George Wight bowled out for 74 By Michael DaSilva
Stabroek News
January 6, 2004

Related Links: Articles on people
Letters Menu Archival Menu

George Leslie Wight, the `Colin Cowdrey of British Guiana Cricket' played his last innings on December 4, 2003 in Canada.

The dour righthanded batsman, born on May 28, 1929, played one single test match, the West Indies versus India fourth test in India's 1952/53 tour of the West Indies.

Batting at the unusual number six at the world famous Georgetown Cricket Club ground, Wight, in his only test innings, made 21 to end his test career with an average 21. He was bowled by M.H. Mankad.

According to Desmond `Wato' Watkins, a former close friend of Wight, who bowled to him (Wight) in nets at the GCC ground for many years, Wight who played first class cricket for GCC from 1949 to 1953 was suffering for many years with cancer in his spine.

Watkins told Stabroek Sport that many years ago, Wight's wife purchased some bush (herbs) and gave him (Wight) to drink, and that apparently helped him, since he (Wight) went back into the cricket arena, playing in Canada along with a Mr Walker.

During his first class career, Wight played 12 matches and batted in 21 innings. He was left unbeaten twice and scored 1,260 runs. His highest first class score was 262 not out versus Barbados in a goodwill match at the GCC ground.

Wight scored four centuries and six half centuries and took 12 catches during his first class career.

According to Watkins, who was employed by the late George Comacho as a net bowler (bowling to batsmen during net practice), Wight and Glendon Gibbs, another Guyanese, had established a record 390 runs in regional first class cricket for the first wicket. This record was broken in 2002 by Jamaicans Leon Garrett and Chris Gayle during a Red Stripe match versus West Indies `B' Team.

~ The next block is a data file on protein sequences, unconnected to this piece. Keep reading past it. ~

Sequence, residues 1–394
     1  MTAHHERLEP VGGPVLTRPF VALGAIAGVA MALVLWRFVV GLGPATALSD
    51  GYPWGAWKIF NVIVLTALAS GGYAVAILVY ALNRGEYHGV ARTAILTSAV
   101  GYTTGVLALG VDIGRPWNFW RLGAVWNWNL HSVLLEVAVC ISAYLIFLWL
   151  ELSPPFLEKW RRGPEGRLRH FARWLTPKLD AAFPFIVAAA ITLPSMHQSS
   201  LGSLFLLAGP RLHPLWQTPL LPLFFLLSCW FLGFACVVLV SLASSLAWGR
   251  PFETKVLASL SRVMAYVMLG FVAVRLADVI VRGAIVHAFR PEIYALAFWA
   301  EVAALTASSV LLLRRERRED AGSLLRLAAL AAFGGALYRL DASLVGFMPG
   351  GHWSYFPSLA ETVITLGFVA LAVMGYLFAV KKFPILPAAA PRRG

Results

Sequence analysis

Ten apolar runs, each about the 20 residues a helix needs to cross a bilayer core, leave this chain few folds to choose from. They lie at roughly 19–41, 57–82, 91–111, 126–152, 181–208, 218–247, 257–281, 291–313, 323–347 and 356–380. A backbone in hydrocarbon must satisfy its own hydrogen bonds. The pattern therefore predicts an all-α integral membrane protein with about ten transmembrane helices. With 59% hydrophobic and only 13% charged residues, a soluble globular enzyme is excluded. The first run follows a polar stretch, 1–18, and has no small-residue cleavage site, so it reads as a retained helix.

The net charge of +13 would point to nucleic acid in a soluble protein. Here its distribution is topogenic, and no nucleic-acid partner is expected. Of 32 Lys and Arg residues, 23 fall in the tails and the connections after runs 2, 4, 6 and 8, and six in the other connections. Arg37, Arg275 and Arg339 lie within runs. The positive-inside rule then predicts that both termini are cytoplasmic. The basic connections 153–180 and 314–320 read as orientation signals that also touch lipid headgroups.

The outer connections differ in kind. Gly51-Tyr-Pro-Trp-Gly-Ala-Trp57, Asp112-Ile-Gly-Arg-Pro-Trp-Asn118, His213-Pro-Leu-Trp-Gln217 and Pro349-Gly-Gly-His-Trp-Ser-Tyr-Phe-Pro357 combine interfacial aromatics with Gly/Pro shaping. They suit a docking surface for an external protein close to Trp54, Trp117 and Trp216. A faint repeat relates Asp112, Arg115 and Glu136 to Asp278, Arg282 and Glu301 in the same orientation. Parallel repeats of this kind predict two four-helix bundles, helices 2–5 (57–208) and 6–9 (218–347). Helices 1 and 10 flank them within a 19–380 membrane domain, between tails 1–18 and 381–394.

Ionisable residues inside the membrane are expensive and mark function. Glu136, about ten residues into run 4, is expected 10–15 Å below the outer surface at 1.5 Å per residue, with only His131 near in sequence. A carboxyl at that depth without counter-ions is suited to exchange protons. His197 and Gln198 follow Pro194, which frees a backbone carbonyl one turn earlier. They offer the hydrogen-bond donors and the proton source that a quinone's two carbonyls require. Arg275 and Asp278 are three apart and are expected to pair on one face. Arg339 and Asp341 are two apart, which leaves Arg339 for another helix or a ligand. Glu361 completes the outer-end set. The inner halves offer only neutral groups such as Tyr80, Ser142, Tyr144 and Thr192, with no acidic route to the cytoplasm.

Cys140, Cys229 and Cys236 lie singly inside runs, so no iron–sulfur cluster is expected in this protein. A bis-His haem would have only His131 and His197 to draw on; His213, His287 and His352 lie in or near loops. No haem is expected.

Among Wight's GCC team mates were Bruce Pairaudeau, Comacho, Peter Bailey, Lennie Thomas, Alan Outridge, Norman Whyte and Peter Whyte.

Watkins explained that Wight was a very disciplined, focused cricketer, who gave his best at all times. "During the tea break, that man would just sip a cup of tea while keeping focused on the playing area," Watkins said.

Watkins remembered that Wight made a century against Trinidad in the twin island republic. "He was on 99 and needed just a single to get to a 100, he stroked a ball and could have got two, but instead the man just stood up and did not run, the next ball the man hit a four and got his century."

Watkins said Wight's best innings was the 262 he made against Barbados. "They [Barbados] had a good bowling attack but Gibbs and Leslie [Wight] tore it apart. In that [goodwill] match, Berkley Gaskin took seven second innings wickets to help steer Guyana to victory."

Some other members of the team were Lennie Thomas, Hugh Dyer, Brian Patwa, Eric Chase (Berbice), Eon Jordon and Norman Whyte.

Watkins remembers Wight wearing a white handkerchief around his neck while playing cricket.

Talking about Wight's 21 versus against India in the 1952/53 tour, Watkins opined that the then West Indies captain Jeffrey Stollmyer failed Wight by putting him to bat at number six instead of opening the batting.

According to Watkins, Stollmyer and Wight should have opened the batting but instead, Stollmyer and Pairaudeau opened and the latter made a meagre eight runs. "All Guyanese were mad with Stollmyer. He [Wight] should have opened he would have made runs. But he was bowled by one of the greatest cricketers that India has produced [Mankad]."

(Information on Wight's first class and List A career, courtesy of ACS.)